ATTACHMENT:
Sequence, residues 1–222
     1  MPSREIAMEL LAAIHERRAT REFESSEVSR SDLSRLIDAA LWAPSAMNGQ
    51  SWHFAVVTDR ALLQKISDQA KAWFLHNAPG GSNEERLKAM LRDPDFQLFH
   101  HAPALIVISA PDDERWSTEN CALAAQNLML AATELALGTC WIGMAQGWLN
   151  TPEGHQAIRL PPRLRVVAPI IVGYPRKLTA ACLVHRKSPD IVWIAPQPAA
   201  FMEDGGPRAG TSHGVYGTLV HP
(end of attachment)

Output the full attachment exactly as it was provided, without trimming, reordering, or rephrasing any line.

Sequence, residues 1–222
     1  MPSREIAMEL LAAIHERRAT REFESSEVSR SDLSRLIDAA LWAPSAMNGQ
    51  SWHFAVVTDR ALLQKISDQA KAWFLHNAPG GSNEERLKAM LRDPDFQLFH
   101  HAPALIVISA PDDERWSTEN CALAAQNLML AATELALGTC WIGMAQGWLN
   151  TPEGHQAIRL PPRLRVVAPI IVGYPRKLTA ACLVHRKSPD IVWIAPQPAA
   201  FMEDGGPRAG TSHGVYGTLV HP